When racing legend Sir Stirling Moss began making his name known on European circuits in the early 1950s, his H.W.M. team racers were transported across the continent in a double-decker bus that could manage a top speed of 32 mph and crawled up Alpine passes in first gear.
But when he scored his first Grand Prix victory in the British Grand Prix at Aintree in 1955 (becoming the first Brit to do so), the Mercedes-Benz team he was driving for had at its disposal the world’s fastest race car transporter, The Blue Wonder, which could cruise at more than 100 mph with his W196 GP car strapped on its open rear deck.
It was a big day for Brit fans at Aintree when Moss finished ahead of teammate Juan Manuel Fangio, but it was to prove even more memorable for one in particular. Jim Hayes – now of Georgetown Ont., but then an apprentice tool and die maker – was on the pillion of a pal’s very fast Vincent Black Shadow on his way home to Blackpool after watching Moss win when a Mercedes-Benz juggernaut blew by on the North Lancashire Road. “And we were flying. It looked great, very streamlined and that one car on the back.”
No wonder Hayes describes he and his mate as being “awestruck” by the experience, at the time there was nothing like the MB car-hauler on the road, most teams making do with more prosaic and certainly slower transport, although Moss’s early hauler might have been an exceptional example.
Moss’s mechanic, Polish ex-pat Alf Francis, later related the tale of a run to Monza during the 1951 season in the team’s diesel A.E.C. bus, which carried two cars, an extra 100 gallons of racing fuel, 20 wheels and tires and all sorts of spares and tools.
After “clanking” across France, they arrived at the Alps to find the Mt. Cenis Pass closed by snow. A 130-mile, 18-hour detour took them to a route that climbed across Mt. Genevre on a single snow-plowed track with banks as high as the bus windows. “It was a devilish climb, in first gear most of the way, with the back wheels spinning most of the time,” he said in his memoir.
And he didn’t dare stop even when the bus’s engine overheated. “The radiator boiled like a kettle on the hearth most of the way, there was so much steam inside the coach it was like a Turkish baths, and it was impossible to see through the windows. In any case there wasn’t much to see as the clouds were low and dense as fog.” Going down the other side was even more hair-raising.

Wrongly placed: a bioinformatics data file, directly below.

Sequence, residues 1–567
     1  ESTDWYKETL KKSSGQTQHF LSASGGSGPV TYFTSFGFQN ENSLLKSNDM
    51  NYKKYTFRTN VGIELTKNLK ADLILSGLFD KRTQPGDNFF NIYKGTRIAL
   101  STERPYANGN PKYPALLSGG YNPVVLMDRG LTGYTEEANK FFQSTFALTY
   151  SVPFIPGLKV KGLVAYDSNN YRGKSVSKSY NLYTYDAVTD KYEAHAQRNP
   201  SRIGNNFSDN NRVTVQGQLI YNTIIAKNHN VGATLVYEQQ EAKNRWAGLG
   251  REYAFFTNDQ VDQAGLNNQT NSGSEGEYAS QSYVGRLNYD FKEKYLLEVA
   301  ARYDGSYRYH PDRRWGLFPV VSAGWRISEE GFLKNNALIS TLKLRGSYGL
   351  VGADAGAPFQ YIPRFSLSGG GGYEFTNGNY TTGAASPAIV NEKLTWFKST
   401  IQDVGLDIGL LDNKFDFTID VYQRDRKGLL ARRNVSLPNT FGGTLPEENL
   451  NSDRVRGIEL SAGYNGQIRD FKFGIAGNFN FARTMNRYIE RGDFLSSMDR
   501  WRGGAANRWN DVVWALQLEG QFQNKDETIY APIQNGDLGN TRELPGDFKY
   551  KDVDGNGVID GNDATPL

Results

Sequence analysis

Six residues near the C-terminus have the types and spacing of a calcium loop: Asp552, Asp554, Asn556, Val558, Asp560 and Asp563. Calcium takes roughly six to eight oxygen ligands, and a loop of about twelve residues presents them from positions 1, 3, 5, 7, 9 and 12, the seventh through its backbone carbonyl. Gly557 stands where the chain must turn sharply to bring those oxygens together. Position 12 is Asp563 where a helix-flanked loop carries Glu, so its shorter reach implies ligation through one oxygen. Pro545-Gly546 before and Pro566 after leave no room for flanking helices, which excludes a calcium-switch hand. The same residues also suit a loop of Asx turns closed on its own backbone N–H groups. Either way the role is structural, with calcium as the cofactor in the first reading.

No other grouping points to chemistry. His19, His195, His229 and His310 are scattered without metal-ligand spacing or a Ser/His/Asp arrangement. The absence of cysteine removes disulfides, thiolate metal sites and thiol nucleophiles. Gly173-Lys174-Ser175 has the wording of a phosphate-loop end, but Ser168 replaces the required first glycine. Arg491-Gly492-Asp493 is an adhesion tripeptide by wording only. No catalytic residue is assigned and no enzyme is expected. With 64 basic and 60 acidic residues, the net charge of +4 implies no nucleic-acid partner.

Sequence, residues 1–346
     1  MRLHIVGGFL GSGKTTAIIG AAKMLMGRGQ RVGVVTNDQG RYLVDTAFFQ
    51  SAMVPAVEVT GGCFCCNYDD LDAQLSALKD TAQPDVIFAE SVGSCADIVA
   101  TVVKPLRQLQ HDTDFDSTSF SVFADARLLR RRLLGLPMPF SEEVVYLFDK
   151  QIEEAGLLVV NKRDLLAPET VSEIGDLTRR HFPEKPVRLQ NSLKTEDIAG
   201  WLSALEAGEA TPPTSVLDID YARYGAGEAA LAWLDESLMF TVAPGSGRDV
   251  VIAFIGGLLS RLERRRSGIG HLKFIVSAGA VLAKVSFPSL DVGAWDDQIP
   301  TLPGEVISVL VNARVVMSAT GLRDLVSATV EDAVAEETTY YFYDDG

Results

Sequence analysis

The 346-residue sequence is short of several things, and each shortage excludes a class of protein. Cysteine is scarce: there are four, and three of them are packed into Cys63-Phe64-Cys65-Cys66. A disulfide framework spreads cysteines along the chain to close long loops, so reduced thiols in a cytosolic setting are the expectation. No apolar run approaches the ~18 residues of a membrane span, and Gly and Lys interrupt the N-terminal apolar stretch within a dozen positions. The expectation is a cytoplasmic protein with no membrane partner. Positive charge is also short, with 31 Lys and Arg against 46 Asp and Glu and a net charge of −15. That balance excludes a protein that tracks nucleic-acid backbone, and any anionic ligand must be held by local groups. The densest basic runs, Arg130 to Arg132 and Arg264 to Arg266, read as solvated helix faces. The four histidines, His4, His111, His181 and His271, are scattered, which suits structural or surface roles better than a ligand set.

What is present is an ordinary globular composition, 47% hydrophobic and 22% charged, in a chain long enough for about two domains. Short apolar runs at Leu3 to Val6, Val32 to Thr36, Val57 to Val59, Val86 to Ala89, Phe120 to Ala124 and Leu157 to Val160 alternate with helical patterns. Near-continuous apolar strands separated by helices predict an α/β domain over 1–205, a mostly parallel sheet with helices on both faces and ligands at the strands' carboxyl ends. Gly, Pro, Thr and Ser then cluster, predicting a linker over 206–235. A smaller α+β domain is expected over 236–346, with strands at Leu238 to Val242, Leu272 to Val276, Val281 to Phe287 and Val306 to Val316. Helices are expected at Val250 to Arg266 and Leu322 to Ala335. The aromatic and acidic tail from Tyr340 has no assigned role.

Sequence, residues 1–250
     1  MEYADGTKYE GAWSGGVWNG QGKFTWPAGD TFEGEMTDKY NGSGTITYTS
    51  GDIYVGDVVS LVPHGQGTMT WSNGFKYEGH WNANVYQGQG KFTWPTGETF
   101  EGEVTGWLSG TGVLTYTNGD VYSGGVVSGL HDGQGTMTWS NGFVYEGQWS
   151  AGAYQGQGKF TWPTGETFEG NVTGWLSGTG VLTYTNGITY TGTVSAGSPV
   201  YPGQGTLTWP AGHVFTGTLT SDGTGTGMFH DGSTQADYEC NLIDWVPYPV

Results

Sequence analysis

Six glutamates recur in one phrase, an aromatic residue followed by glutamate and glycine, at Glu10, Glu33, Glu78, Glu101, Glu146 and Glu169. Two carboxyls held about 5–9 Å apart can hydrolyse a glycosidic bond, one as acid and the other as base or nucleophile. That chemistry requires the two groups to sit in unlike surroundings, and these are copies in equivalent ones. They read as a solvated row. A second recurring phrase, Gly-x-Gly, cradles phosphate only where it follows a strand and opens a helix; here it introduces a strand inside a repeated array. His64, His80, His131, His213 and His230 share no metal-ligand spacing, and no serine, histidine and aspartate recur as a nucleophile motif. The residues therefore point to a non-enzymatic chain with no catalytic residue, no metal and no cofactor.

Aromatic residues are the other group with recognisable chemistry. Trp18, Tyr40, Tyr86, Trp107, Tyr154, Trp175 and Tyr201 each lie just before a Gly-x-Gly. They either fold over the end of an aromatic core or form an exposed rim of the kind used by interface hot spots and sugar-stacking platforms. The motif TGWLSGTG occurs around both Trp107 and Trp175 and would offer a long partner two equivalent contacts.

When they finally arrived at the Monza Autodrome after their heroic marathon drive, they were flagged down by Moss, who’d arrived by less-harrowing means, who shouted “Where the hell have you been?” A show of blistered palms brought a prompt apology.
MB’s transporter by contrast was a rocket that blistered pavement rather than its driver’s hands.
But H.W.M. was operated on an impossibly flimsy shoestring by keen amateurs. When a resurgent Mercedes-Benz decided to get back in the racing game, it did so with the same level of domination in mind its big-budget Silver Arrows team had created in the 1930s.
Behind the effort was legendary Alfred Neubauer, who had become Mercedes’ racing manager in 1926. The new generation of Silver Arrows racers were born in 1954 and, according to plan, Fangio won the 1954 and 1955 World Drivers Championships.
It was Neubauer’s full-court-press approach to racing that led to the creation of a super-fast single-car transporter that could rush a newly modified racer to the next event, or return one that had suffered mechanical or crash damage for rapid repair.
He handed the job to MB’s test and prototype department, which started with the X-frame from a 300S Roadster and extended it at each end, fitting double-wishbone front suspension and a swing-arm setup at the rear. Boosted drum brakes were installed plus a disc-brake on the propeller shaft, along with suitable springs and shocks as it was going to have to handle while going fast.
The going-fast part was handled by installing a fuel-injected 3.0-litre inline-six borrowed from MB’s new 300SL Gullwing sports car, detuned a bit to 195 hp for reliability, and likely improved torque. Plus a four-speed all-synchro gearbox.
The transporter’s unusual front-end treatment with its dramatically overhung cab was based on the structure of a 180 sedan. It looks almost like a cab and trailer, but is actually all one piece with the rear car deck stretching back to aero-curved rear fenders. Overall length was 6,750 mm, or 1,100 mm longer than a Chevrolet Suburban and about the same width, but its height of 1,750 mm is 200 mm lower. Weight was just under 3,000 kilograms and the color MB blue.
And it was fast, with a top speed of 170 km/h, although not likely with a race car aboard. It created a sensation on the roads of Europe when it appeared in mid-1954. Hayes and his friend likely weren’t alone having one blast past unexpectedly. But within a brief year and a half , it was sidelined, along with MB’s racing program.
The Blue Wonder was shipped to the United States in 1956 where it toured the car show circuit and returned to Germany in 1957 where it was supposed to find a home in the Mercedes-Benz museum. It proved too heavy for the aging structure and served out its time as a test department hack before being scrapped in 1967.
In 1993, Mercedes management decided this fascinating piece of its heritage should be recreated and chose a speciality firm to do the job. As a hand-built vehicle, there was little available in the way of drawings, but plenty of photographs and after 6,000 hours spent over seven years the reproduction was completed.
It now shares museum space – and occasional outings – with a more recent restored mid-30s transporter like those that hauled the original Silver Arrows racers around.